Five Minutes With... Rohit Walia, Executive Chairman, Alpen Capital
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Five Minutes With… Rohit Walia, Executive Chairman, Alpen Capital

Five Minutes With… Rohit Walia, Executive Chairman, Alpen Capital

Rohit Walia, executive chairman of investment bank Alpen Capital, gives his insight into investments in the GCC-India corridor, M&A landscape in the region and the company’s new venture Alpen Asset Advisors .


What is your general perception of the investment climate in the GCC this year?

Mine is overly positive, but I think at the moment activity is safe. I’ve met three prospective clients today, all of whom are looking to do something, either buy or sell, but typically grow. So there is a lot of activity in the region. I was in Oman recently, everyone is talking about business. I think the euphoria is back fully.

What is attractive about the GCC for Indian investors?

Three or four things, one is of course cost of credit. Today in India if you want to borrow, even as a triple A company, you will pay anything between 12 to 14 per cent. That’s expensive in a large facility, depending on how big you are and what your debt requirements are. Sometimes in India I wonder if the clients are making any money or not, the banks definitely are.

The other thing that works for Indian companies is the logistics. Whether you have a port in Ras Al Khaimah or Oman, they are fabulous ports. You can follow this transaction we’ve completed recently for a fertiliser plant that’s going to produce one million tonnes, that’s going to go back to India, there is no market for fertiliser in Ras Al Khaimah. Their costs show that they can ship it back cheaper from here to Calcutta, Delhi, Bombay and Madras both on time taken and the cost of the time. And energy is cheap here and available. So all these three or four things make sense to your business.

Are there any specific sectors attracting Indian investors here?
No I think we’re seeing interest across sectors. For example in Oman we’re looking to setup a ferrochrome plant because we’ve got chromite mines in Oman. These are all transactions that are being processed. We’re looking to setup a facility to process rice and lentil in a joint venture with an Omani company. We’re looking to setup an Ethylene plant in downstream petrochemicals in the region.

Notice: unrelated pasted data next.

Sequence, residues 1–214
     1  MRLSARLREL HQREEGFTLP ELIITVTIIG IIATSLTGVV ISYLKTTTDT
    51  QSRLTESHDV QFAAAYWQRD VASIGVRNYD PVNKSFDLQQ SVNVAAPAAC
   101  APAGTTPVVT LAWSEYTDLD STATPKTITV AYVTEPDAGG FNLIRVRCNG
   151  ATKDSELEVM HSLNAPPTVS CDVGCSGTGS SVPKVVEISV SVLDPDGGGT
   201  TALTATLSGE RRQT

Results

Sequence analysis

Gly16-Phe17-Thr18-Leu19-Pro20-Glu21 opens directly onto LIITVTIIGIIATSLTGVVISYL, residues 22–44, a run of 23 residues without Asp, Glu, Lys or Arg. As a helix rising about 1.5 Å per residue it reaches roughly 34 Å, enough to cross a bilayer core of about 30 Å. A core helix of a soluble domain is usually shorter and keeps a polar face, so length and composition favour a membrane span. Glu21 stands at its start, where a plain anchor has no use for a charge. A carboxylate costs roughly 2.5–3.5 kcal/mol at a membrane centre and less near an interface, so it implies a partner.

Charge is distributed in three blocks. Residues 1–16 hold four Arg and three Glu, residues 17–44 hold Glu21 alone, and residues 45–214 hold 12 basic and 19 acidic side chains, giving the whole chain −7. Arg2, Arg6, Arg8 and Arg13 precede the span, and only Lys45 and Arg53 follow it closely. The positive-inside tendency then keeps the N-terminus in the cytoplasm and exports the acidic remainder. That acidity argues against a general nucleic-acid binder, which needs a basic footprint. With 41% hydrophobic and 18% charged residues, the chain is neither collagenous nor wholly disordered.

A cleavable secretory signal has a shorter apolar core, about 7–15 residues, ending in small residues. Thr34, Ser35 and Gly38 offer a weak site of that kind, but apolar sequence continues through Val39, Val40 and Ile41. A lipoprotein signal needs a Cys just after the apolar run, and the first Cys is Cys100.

Looking generally at the M&A landscape between India and the GCC, how much do you see happening this year?

It’s very difficult because there are so few statistics available, but if I see what we will do, that’s going to be a benchmark, we should do anything between two to three billion dollars.

Do you have any outlook for M&A transactions in the GCC?

It is very difficult to put a number to this business but there is a huge amount. We ourselves are running anything between 27 to 30 transactions. At least half will conclude, the success rate for these is still 40 to 50 per cent. If you were to benchmark and go back to see what the big guys are doing, it would be huge. There is plenty going on.

What prompted you to start Alpen Asset Advisors?

At a parent level in the private bank, Sarasin, which used to be owned by Rabobank, was sold one and a half years ago to the Safra group. Their strategic process of doing business was a little bit different from what we have been doing the last nine years, so the thought was to have another platform available. This is because we need to do what the clients want us to do. Strategy is good but if it doesn’t work with the client that’s not so good. That prompted us to think about the platform, which we setup last year, and I think if we look at the track record over the last three months it’s been fabulously successful.

Do you have any projections for customer numbers?

We’ve started strongly, we’re running at about $250 to $300 million dollars and I expect to hit a billion in the next six months.

What other plans does Alpen have in the next year?

We’re going to open two more offices in Abu Dhabi and Riyadh, we’ll announce them shortly, and then we’ll try and stabilise for a little while, we’ve grown very fast in the last six or seven years.

How would you describe your leadership style?

High energy with a positive outlook on everything, even during the crisis we doubled, during those three years when everyone was halving we were doubling, both our offices and people.

Were you gaining business from other companies?

Yes because I think most of the bigger banks were into reorganisation, typical big bank style, and were more internally focussed which is where the opportunity came.

What do you look for in employees?

Only one thing, so long as they are willing to put in 100 per cent effort, that’s all. Results will come.

What words define success?

Commitment and doing the right thing for the client. As long as you do that and the client is committed and believes what you’re doing, you’ll be successful

What do you like to do in your spare time?



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